What is a Glazier? (And How to Become One)
When you look out your bedroom window or lean on a display case, you’re looking at the work of a glazier. So what exactly do they do and how can you break into this industry?
What is a Glazier?
From a conference room window to shower doors, glaziers are responsible for all things glass on a work site. They cut, install, repair and remove glass fixtures for home projects such as windows, shower doors, skylights and decorative room dividers. For commercial properties, they work on storefront windows, display cases and security glass. On construction sites, they take precut glass and make sure they’re positioned and secured into place via frames, fasteners or aluminum sashes.
The Skills You Need
Glaziers are responsible for making sure the glass used is properly installed and maintained. In order to do that, these workers need to have a great sense of balance since this work often has them up on ladders and scaffolds during installation and repairs. Hand-eye coordination is essential in making sure glass is cut precisely and fastened properly. Having the physical strength and stamina to haul and hold heavy pieces of glass all day is another important skill to have as glazier. Aside from the physicality that comes with the job, glaziers must also be able to read and follow blueprints.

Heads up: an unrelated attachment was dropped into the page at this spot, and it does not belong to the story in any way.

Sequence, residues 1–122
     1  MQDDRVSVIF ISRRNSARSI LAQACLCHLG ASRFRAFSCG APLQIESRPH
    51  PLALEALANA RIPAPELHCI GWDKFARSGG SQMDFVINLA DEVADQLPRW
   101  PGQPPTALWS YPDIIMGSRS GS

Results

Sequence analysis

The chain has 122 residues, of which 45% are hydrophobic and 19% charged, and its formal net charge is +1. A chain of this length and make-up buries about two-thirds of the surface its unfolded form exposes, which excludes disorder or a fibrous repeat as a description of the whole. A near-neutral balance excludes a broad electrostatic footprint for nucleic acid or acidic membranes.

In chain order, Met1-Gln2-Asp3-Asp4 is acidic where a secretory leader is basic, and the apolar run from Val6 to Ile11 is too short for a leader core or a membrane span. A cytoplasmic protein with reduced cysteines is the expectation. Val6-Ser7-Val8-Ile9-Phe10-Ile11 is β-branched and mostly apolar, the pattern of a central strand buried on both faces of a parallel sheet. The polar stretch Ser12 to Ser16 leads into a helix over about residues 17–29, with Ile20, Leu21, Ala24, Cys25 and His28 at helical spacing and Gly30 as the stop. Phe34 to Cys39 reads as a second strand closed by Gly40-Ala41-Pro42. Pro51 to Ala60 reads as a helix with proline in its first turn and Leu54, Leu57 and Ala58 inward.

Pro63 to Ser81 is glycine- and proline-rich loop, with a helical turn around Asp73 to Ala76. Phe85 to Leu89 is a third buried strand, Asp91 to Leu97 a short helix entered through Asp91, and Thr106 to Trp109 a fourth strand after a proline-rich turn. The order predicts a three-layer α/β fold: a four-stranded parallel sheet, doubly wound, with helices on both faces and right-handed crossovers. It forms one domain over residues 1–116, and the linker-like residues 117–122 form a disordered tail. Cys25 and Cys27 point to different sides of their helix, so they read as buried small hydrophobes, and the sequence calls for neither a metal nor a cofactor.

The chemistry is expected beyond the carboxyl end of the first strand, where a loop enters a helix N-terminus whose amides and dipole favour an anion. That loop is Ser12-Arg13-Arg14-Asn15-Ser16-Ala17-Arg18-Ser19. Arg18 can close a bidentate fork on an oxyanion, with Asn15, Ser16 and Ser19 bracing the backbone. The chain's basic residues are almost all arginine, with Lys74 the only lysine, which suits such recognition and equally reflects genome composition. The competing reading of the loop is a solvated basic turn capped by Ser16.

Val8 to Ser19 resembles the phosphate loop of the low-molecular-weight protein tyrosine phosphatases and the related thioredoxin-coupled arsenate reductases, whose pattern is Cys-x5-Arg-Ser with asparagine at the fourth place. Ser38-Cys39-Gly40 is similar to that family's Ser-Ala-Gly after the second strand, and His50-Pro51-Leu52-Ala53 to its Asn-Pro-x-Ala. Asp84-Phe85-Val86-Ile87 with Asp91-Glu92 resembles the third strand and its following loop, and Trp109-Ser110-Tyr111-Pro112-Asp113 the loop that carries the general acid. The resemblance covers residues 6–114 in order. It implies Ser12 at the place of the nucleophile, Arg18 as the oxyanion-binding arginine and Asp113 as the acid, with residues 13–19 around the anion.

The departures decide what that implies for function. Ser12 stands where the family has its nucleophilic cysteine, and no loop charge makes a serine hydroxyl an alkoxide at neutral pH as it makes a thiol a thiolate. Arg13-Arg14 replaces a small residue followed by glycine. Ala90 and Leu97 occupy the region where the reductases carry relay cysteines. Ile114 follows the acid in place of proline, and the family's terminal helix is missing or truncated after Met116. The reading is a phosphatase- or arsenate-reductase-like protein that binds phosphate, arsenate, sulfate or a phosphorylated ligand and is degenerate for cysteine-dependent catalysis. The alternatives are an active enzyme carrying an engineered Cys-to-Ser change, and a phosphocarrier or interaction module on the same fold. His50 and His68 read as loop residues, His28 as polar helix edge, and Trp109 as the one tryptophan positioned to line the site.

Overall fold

How to Become a Glazier
Like many other blue collar careers, formal training as a glazier happens in a apprenticeship program that takes about four years to complete. During the 144 hours of technical education and 2,000 hours of paid on-the-job training that is completed every year of that program, apprentices learn the skills they need to be a successful tradesman in this field. How to handle tools, basic math and construction procedures as well as the principles of safety and first aid are just some of the things you’ll learn as an apprentice. Once the program is completed, you’re considered a journeyman and can go out and work as a glazier. If you live in Connecticut or Florida however, you must be licensed before starting work.
The Job Outlook
US News and World Report ranked glaziers as the ninth best construction job for 2016 while the Bureau of Labor Statistics predicts the number of jobs in this field to grow four percent by 2024. The demand for glaziers is due in part to the fact that construction is getting “greener”, calling for the use of energy-efficient glass products on new and existing homes and buildings. More glaziers will also be needed when those already in the field start retiring.
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